The World’s Healthiest Foods has a post regarding a little-known vitamin called biotin. Although we have known about it for some time, researchers are still learning about how it affects the human body and how much the body needs. We are also discovering which foods contain biotin.
Biotin is one of the B-complex vitamins and has had other names in the past, such as vitamin H, coenzyme R, and vitamin B7. So far, we know that biotin can be found in these foods:
- Sunflower seeds.
- Pumpkin seeds.
- Sweet Potatoes
- Peanuts, almonds, and walnuts.
- Root vegetables (such as carrots).
Although we are still learning about biotin, we do know that the vitamin can affect the human body in the following ways:
- Biotin plays a role in metabolizing fat and sugar into the human body.
- Being biotin-deficient can affect the body’s production of insulin and how insulin affects cells.
- Biotin is necessary for keeping the skin healthy, supple, and moist. If deficient the skin could break out in a rash.
For food preparation, biotin is resilient to cooking. It is estimated that when cooking foods with biotin you will lose about 10% of the vitamin. Canning will cause more nutrient loss, potentially 40-80%.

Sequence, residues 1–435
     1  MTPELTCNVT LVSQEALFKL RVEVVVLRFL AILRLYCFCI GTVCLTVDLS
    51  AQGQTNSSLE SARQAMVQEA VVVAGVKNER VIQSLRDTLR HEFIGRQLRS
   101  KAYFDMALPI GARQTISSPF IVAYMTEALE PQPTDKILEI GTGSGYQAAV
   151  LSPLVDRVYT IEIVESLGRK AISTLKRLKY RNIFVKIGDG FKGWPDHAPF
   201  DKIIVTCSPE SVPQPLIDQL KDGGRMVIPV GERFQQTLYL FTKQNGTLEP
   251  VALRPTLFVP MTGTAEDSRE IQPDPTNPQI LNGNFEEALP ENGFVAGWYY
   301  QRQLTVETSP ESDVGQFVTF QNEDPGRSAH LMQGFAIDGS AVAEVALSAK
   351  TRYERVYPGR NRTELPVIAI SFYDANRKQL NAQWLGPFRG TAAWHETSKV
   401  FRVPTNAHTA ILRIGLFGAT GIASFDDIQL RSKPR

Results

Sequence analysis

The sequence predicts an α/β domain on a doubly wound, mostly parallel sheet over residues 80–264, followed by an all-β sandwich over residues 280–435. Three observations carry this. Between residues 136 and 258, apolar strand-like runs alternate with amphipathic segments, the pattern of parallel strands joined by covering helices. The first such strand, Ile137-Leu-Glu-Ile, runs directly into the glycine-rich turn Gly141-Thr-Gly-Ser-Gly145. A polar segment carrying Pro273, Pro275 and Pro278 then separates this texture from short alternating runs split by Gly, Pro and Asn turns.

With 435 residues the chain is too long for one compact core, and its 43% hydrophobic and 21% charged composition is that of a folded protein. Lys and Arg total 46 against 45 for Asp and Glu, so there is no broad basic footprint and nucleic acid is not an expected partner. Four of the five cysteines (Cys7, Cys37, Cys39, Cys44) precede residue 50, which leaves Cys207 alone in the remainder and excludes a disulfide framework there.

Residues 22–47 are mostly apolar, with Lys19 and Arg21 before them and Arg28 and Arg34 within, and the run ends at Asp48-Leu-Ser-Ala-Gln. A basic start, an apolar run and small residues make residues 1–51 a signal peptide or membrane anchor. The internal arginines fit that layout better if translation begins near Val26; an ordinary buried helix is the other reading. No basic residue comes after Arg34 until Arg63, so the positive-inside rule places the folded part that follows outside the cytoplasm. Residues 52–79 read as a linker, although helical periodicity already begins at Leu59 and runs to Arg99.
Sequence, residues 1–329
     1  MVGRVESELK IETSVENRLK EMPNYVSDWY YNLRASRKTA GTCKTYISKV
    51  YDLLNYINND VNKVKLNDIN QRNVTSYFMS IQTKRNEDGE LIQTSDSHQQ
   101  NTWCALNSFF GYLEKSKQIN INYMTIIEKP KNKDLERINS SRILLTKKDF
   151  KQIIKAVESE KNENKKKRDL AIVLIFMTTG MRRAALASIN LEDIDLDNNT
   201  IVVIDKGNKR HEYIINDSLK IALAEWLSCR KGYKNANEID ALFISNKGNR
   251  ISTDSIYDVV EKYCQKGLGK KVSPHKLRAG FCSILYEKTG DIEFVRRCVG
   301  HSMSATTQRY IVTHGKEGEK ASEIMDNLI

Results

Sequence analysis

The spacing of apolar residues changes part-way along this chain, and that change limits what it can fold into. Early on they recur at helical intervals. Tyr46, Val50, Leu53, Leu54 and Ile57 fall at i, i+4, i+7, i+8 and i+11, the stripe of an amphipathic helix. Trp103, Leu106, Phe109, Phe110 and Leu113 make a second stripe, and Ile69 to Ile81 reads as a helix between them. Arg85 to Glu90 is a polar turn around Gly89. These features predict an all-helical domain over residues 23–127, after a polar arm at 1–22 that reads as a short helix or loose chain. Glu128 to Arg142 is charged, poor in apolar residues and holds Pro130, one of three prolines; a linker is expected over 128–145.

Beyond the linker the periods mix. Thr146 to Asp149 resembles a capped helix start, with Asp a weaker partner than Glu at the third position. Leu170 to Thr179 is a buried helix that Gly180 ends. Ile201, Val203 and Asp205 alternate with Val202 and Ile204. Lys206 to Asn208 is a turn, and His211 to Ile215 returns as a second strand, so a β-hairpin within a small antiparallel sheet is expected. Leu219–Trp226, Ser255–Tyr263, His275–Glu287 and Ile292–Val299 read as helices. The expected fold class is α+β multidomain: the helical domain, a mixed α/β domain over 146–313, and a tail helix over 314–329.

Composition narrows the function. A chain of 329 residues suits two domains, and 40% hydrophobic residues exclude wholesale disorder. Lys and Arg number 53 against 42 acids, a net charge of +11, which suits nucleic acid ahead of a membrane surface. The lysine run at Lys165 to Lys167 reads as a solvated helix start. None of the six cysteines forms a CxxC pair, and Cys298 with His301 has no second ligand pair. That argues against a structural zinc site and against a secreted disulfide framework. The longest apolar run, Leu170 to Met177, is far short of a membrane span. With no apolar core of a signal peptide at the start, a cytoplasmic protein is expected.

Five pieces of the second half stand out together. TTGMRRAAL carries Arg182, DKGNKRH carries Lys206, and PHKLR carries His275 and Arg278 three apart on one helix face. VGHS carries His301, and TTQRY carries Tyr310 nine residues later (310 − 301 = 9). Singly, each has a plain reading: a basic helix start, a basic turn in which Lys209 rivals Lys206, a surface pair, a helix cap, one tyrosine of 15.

Raw eggs also have another chemical that binds with biotin to prevent it’s absorption into the body. However, the World’s Healthiest Foods doesn’t recommend consuming raw eggs because of the potential for a bacterial infection.
Other health problems caused by biotin deficiency can include:
- Brittle nails.
- Hair loss.
In addition, a deficiency could have an impact on pregnancy.
The website also notes that if you use seizure medications, you may become deficient in biotin. Yet, there isn’t any evidence that you could have a toxic overdose of biotin. The Food and Drug Administration suggests 300 mcg of biotin per day for a 2,000-calorie diet.
Want to learn more about biotin? Read the full article here: Biotin.